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We all should suck more - biocarbon, that is!

Posted by Mitch Friedman at Nov 11, 2011 11:05 AM |

It's true: you suck - and I mean that in only the nicest way. There are things we all do that suck carbon out of the atmosphere - where it’s doing harm - and beneficially store it on land. We need to do much more such sucking of biocarbon to save our natural heritage from the ravages of extreme climate change. At Conservation Northwest, we help protect, connect, and restore forests and wilderness so we can suck even more carbon!

We all should suck more - biocarbon, that is!

Forests really suck: absorbing and storing carbon out of the air. Biocarbon is the Second Solution to protecting the Earth from the ravages of extreme climate change.

You suck: and I mean that in only the nicest way. It’s true. There are things you do that suck carbon out of the atmosphere - where it’s doing harm - and beneficially store it down here. We need to do much more such sucking to save our natural heritage. In other words, the more we each suck in one respect, the less we suck in another.

You see, while scaling out the use of fossil fuels is a critical step, the First Solution, to fighting climate change, it isn’t enough. Leading scientists say that the safe amount of atmospheric carbon is 350 parts per million, a level which Earth rocketed past in the 1980s. Today we’re at 388 ppm, which helps explain the melting glaciers of Washington, burning Texas, the receding Alaskan coastline.

But even if we choked off the smokestacks and exhaust pipes today (if only we could!), we would still need action to suck some of that carbon out of the atmosphere to return it to safe levels.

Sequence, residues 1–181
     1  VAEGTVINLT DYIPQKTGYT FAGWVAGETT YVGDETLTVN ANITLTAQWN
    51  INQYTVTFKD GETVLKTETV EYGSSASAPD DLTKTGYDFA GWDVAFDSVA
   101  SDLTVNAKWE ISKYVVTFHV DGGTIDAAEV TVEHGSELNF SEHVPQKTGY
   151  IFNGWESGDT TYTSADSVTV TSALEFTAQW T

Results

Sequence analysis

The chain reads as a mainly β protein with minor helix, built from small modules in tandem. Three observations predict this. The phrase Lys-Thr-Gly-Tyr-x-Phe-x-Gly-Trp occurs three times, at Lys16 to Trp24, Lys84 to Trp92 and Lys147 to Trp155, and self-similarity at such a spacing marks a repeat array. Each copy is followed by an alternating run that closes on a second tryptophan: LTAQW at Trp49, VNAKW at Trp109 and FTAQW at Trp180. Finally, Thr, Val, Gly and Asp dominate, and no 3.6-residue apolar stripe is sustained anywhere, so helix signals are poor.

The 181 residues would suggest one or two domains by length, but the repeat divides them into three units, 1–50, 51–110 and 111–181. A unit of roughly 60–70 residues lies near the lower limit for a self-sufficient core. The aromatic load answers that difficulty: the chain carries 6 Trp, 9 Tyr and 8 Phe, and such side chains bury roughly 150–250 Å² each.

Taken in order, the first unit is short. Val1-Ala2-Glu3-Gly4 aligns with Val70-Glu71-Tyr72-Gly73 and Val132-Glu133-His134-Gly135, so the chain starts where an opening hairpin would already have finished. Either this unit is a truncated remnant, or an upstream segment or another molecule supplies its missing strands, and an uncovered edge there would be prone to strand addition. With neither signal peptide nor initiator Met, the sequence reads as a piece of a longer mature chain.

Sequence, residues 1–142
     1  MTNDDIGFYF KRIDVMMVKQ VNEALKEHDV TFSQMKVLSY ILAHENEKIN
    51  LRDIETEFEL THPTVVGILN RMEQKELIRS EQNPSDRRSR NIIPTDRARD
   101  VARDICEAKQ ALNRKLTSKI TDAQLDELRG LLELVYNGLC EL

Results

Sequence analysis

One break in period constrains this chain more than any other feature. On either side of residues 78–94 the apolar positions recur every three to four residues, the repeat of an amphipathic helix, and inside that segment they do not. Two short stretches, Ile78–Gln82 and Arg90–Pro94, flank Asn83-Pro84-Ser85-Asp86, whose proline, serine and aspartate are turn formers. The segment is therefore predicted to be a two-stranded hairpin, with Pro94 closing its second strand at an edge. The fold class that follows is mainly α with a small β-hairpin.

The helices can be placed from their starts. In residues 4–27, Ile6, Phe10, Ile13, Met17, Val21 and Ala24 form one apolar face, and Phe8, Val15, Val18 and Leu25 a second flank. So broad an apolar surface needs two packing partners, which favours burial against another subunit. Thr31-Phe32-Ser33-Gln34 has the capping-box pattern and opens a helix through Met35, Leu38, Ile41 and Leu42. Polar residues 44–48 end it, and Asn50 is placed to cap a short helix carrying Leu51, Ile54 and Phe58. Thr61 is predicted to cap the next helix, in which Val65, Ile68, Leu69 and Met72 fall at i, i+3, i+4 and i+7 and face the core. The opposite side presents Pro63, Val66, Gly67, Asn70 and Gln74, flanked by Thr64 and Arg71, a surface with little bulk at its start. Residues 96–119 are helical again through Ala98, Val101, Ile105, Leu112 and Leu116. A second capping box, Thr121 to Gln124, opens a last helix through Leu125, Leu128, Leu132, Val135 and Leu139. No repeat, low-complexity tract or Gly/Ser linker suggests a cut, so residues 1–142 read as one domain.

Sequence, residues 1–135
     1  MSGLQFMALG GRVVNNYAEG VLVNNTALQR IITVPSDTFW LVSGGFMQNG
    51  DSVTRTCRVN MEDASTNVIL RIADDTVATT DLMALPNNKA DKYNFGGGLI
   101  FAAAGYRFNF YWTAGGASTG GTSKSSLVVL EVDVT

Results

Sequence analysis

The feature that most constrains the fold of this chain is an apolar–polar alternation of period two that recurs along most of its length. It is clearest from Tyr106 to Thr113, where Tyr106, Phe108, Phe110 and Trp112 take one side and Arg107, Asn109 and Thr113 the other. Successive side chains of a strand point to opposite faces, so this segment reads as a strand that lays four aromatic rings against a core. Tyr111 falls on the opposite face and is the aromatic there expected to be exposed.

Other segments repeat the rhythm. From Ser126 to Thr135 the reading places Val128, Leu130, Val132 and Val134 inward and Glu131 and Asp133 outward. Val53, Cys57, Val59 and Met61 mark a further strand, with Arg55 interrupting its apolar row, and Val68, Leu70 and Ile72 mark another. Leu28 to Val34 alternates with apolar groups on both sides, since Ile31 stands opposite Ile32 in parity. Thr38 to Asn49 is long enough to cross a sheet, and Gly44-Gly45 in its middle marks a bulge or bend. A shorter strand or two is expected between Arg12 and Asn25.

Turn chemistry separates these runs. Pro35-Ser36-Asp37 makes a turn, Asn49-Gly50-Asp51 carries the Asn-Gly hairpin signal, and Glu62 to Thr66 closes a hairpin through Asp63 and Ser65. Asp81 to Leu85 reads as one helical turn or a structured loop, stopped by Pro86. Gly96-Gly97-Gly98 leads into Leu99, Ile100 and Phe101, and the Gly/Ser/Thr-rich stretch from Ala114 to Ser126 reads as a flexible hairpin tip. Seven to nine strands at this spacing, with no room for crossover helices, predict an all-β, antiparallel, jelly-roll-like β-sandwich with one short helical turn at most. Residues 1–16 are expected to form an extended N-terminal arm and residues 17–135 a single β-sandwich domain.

Storing biocarbon is the Second Solution to protecting our heritage from the ravages of extreme climate change.

Much of the work that Conservation Northwest does to keep the Northwest wild relates to helping nature adapt to these changing conditions. For instance, we promote thinning of dry forests to reduce their vulnerability to increased wildfire.

We protect habitat corridors to enable wildlife to move in relation to changing temperate and other environmental conditions. We also protect larger natural areas to give those ecosystems a better chance of withstanding larger disturbances. But the present rate of climate change is too extreme for these adaptations to keep up. In fact, models of how the climate is changing predict such major shifts in environmental conditions that many plant communities in the Northwest might not be recognizable within only a half century.

Temperature and precipitation patterns will have changed too much for the ecosystems we see today to still occupy much of our region during our children’s lifetimes.

The good news is that there are things we can do about it. We must all suck more!

The Pacific Northwest has a unique capability to lead the world in carbon storage. Our forests store amazing amounts of carbon, if we plant more trees and allow them to grow longer and larger. Our agricultural soils are much more productive when they are richer in carbon, which can be achieved with sensible changes in tillage. Modest changes in how our communities process waste (from sewage to yard compost) can have a massive impact.

That’s why Conservation Northwest is a partner in the Northwest Biocarbon Initiative, a project of Climate Solutions, and I serve on its steering committee. Check out the amazing solution story videos to learn how practical it can be to suck up carbon, solving a range of community challenges while saving money. You can also connect with the Northwest Biocarbon Initiative on Facebook. Maybe you have a solution story yourself, or an idea for one, that you can share. It’s going to take all of us sucking together to address this challenge.
 

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